Changes to racial vilification laws a backwards step
1 May 2014
The Australian Government should not proceed with proposed changes to racial vilification laws, the Human Rights Law Centre has recommended in its submission to the public consultation process on proposed changes to the Racial Discrimination Act.
The HRLC’s Executive Director, Hugh de Kretser, said the changes proposed by Attorney General, George Brandis, would almost effectively abolish the current Federal legal protections against racial vilification and would send an appalling signal about the Government’s views on racial tolerance.
“Proceeding with these changes, against strong community opposition, would be a significant backward step for race relations in Australia. Racial vilification can cause serious harm to individuals and society. Racial vilification and hate speech increases the risk of racially motivated violence and needs to be actively combatted,” said HRLC Executive Director Hugh de Kretser.
Under the proposed changes, the words “offend, insult and humiliate” would be deleted from the existing laws. “Vilify” would be inserted but narrowly defined and the existing protection against “intimidation” would also be given a new narrow definition.
The existing free speech exemptions for fair comment, fair reporting and artistic and scientific works would be greatly expanded with a catch-all exemption for “public discussion of any political, social, cultural, religious, artistic, academic or scientific matter.” Notably, the requirements for “reasonableness” and “good faith” in the exemption would also be removed.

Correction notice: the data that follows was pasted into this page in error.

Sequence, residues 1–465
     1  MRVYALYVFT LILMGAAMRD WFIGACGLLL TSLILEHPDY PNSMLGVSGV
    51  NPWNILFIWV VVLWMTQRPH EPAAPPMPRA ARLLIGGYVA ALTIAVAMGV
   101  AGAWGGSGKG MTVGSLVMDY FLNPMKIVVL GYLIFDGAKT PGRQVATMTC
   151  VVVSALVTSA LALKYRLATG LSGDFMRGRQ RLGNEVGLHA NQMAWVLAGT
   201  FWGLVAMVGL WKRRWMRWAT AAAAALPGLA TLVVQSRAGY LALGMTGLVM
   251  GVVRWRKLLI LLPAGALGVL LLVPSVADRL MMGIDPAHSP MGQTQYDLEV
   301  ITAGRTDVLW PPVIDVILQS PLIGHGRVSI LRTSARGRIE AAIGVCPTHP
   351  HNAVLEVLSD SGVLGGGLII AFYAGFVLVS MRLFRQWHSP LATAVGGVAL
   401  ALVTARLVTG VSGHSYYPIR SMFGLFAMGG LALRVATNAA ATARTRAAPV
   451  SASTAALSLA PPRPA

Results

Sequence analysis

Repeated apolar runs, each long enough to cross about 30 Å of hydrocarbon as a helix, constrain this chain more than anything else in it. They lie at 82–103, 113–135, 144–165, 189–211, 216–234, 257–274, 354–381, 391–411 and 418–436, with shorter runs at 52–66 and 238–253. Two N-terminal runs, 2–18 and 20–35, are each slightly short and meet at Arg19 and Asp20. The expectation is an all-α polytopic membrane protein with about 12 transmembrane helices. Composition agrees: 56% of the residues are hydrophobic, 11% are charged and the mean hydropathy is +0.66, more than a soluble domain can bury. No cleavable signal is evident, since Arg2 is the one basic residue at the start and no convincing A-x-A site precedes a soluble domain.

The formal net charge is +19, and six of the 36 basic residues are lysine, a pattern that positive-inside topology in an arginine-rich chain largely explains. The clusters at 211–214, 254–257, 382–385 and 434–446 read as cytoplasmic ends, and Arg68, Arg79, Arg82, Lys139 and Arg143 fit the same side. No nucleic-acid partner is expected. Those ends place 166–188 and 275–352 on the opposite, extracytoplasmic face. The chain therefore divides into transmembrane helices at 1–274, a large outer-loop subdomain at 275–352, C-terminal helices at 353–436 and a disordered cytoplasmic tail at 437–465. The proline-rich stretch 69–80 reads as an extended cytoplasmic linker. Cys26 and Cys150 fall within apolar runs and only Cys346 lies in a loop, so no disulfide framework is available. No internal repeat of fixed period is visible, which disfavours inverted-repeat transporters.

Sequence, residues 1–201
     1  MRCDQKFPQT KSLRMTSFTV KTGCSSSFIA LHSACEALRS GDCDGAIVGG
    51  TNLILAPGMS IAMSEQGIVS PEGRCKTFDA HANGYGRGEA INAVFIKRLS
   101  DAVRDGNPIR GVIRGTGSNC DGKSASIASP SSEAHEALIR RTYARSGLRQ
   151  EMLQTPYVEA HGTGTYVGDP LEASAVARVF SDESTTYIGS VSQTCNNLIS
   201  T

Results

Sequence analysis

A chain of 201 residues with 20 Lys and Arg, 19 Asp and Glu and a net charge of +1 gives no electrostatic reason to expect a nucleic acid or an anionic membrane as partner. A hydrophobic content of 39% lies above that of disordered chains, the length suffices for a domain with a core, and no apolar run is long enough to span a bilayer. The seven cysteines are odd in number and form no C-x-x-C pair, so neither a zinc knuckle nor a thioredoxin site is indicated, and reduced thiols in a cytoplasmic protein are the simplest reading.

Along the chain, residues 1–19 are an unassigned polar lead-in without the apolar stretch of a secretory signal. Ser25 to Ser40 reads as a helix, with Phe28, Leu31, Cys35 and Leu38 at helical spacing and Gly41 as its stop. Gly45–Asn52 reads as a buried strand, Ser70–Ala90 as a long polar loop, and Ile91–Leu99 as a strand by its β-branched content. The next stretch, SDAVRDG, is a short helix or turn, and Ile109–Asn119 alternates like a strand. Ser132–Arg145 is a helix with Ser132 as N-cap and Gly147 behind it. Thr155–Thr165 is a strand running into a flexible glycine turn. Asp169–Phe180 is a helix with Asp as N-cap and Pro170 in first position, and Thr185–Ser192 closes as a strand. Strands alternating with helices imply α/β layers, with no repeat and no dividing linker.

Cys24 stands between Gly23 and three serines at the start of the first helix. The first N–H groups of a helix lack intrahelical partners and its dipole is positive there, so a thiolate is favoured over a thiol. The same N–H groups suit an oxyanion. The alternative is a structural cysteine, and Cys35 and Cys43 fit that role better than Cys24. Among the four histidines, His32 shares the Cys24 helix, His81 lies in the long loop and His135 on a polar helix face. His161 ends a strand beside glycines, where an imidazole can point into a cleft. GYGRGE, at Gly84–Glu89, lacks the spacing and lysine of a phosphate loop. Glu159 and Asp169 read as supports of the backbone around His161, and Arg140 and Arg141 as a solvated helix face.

“It’s hard to imagine any racial topic that would be outside the realms of this extraordinarily broad exemption for public discussion. Anyone with a blog, megaphone or twitter account will be given a green light to promote racist bigotry and hatred,” said Mr de Kretser.
Mr de Kretser said the Attorney General’s claim that the proposed laws would provide the strongest ever protection against racism under Federal legislation was plainly wrong.
Although opposing the proposed changes, the HRLC has outlined how the worst aspects of the Exposure Draft could be mitigated. If the Government decides to push ahead with changing the laws, the submission recommends giving the words “intimidate” and “vilify” their ordinary meaning; reinserting “reasonableness”, “good faith” and “public interest” requirements in the exemption; ensuring the community standards test requires some consideration of the impact on the relevant racial group affected by the conduct; and retaining sections 18B and 18E.
The HRLC has called on the Government to make all submissions to the consultation public (unless a person or organisation requests otherwise).
A copy of the HRLC’s submission can be found here.
For further details and comments, please contact: HRLC Executive Director Hugh de Kretser on 0403 965 340 or email@example.com